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Most gardens are defined by beds of flowers and herbaceous borders. Most plantings in these gardens, if not all, can be illuminated for late-evening viewing, reinforcing the shapes created during the day. Lighting plantings and flowers near a walkway or driveway not only illuminates the plantings but also provides sufficient illumination for safe passage on a walk, drive, or backyard patio. In addition, it helps prevent damage to herbaceous borders and flower beds. 

Each situation is different and the types of plants you have will affect the way you light them but night lighting will paint a colorful tapestry. 

Let’s look at some tips for plant and flower bed lighting. 

Plant & Flower bed lighting

Perennials, annuals, and ground cover provide numerous lighting possibilities.

The best plants to illuminate are those with interesting foliage or flowering plants that hold their flowers well above their foliage. It is well to concentrate on plants with pronounced, attractive forms or blooms that are large enough or stand out high enough not to compete with foliage. For instance, tulips or geraniums in reasonably small clumps are nice because the blooms are clearly defined.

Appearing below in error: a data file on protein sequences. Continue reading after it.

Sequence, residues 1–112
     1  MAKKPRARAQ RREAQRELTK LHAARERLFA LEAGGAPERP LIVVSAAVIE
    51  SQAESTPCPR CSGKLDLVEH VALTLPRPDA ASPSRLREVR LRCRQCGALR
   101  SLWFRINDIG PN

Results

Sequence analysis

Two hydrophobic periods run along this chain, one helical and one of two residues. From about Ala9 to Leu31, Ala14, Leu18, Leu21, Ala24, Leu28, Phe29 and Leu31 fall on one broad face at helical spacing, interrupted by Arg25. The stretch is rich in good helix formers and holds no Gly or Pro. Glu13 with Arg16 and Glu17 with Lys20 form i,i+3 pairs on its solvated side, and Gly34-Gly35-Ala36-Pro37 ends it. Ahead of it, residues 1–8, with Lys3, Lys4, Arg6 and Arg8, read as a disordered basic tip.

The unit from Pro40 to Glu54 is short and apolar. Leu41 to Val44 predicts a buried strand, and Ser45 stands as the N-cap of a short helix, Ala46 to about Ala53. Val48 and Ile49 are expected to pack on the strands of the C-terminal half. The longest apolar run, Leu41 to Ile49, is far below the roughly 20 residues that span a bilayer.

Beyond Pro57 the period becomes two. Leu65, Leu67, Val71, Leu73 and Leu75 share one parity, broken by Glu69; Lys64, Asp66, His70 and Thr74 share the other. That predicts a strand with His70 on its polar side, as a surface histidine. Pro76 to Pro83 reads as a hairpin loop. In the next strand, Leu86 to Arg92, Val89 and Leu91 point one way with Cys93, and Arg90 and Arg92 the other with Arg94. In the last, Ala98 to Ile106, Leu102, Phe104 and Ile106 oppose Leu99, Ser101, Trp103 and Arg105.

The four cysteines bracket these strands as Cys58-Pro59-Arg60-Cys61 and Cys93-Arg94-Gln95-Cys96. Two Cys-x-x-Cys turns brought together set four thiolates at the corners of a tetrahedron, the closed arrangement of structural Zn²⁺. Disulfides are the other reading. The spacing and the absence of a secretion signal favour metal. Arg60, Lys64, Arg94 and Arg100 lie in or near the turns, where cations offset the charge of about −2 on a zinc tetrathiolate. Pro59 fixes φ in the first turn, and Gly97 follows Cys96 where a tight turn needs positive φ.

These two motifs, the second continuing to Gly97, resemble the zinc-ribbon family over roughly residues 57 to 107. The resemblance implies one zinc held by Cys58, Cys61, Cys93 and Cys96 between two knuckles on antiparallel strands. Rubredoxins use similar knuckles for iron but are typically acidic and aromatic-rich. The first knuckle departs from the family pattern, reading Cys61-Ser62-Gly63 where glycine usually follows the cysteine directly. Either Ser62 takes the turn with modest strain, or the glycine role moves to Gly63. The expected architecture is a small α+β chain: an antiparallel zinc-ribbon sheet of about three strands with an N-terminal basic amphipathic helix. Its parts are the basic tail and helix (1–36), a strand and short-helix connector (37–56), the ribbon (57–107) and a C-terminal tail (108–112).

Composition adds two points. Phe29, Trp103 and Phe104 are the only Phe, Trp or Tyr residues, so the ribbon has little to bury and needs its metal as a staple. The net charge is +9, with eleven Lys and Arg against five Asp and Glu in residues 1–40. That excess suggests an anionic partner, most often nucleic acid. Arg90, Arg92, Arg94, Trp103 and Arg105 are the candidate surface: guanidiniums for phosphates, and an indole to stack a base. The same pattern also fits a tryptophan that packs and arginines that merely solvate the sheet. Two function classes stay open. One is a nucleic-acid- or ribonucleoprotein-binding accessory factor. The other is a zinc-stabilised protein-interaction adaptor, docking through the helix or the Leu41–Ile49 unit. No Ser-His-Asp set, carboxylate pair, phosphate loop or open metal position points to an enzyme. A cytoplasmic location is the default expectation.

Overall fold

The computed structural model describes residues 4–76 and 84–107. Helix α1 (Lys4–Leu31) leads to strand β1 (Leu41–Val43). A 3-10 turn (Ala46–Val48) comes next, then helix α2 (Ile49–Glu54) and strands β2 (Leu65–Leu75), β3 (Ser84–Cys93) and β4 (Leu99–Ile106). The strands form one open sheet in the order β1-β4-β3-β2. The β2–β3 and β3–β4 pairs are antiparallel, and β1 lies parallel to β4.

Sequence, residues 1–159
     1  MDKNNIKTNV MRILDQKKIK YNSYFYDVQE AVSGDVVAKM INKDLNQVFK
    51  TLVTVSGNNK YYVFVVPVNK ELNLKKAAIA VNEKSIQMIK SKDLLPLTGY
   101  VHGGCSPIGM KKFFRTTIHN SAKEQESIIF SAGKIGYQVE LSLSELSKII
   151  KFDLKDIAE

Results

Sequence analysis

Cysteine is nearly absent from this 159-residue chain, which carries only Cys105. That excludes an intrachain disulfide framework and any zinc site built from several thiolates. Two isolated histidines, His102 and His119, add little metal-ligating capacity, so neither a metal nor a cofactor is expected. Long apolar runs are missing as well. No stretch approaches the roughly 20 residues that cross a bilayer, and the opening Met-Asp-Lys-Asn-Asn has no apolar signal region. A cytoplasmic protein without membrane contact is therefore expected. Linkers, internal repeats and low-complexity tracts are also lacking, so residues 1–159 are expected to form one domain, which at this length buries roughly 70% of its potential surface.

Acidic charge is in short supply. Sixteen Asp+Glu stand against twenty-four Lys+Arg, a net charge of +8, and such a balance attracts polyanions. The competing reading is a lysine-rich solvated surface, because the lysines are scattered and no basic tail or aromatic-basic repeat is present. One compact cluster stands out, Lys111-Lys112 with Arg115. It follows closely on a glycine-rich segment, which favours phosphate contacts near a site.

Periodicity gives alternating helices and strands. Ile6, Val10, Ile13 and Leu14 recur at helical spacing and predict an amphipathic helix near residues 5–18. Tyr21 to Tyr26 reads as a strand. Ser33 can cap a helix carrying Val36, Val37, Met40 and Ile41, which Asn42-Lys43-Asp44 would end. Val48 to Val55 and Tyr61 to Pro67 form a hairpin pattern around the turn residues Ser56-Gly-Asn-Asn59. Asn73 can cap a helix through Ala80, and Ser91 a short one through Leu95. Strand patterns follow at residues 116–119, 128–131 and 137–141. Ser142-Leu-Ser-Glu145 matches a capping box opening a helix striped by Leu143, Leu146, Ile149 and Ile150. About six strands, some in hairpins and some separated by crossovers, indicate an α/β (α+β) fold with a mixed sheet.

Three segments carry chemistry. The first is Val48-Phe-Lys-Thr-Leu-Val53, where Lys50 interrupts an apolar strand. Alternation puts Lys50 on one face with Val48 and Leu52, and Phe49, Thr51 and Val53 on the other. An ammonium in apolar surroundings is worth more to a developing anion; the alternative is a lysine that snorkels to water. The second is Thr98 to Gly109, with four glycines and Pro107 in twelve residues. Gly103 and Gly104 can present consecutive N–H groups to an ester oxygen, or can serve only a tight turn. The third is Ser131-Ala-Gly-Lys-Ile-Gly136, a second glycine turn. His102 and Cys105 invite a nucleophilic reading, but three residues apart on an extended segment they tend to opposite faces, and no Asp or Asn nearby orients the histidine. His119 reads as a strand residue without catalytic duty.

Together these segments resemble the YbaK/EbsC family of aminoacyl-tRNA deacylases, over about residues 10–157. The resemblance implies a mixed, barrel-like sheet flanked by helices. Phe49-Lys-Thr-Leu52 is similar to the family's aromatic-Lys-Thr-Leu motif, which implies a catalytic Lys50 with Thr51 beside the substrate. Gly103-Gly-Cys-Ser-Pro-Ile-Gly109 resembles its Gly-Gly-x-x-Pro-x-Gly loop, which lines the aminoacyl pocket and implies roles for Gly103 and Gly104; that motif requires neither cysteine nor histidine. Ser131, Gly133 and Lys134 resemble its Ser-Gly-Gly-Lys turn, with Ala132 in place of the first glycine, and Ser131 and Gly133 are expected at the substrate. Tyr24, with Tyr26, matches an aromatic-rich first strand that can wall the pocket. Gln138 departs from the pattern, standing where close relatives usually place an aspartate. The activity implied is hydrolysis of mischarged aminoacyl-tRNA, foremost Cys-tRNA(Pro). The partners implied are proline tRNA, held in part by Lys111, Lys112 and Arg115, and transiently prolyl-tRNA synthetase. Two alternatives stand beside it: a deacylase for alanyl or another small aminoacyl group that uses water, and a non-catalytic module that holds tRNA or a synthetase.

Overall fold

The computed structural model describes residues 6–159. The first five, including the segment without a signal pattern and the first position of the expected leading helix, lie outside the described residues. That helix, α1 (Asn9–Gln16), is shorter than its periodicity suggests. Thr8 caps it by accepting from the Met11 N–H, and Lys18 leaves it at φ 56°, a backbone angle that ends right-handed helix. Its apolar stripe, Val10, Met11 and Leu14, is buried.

Each plant represents a part of the overall composition. One or more plants will represent feature elements, others as secondary or support elements while others might remain unlit.

All plants should be considered, whether intended to be lit or not. A plant may be located so that it will hide lighting fixtures.

Some people prefer to light only subjects classified as focal points. Fill-in lighting in shrub borders is often used to link illuminated focal points.For others, garden lighting is all about an illuminated horticultural panorama in which focal points are irrelevant.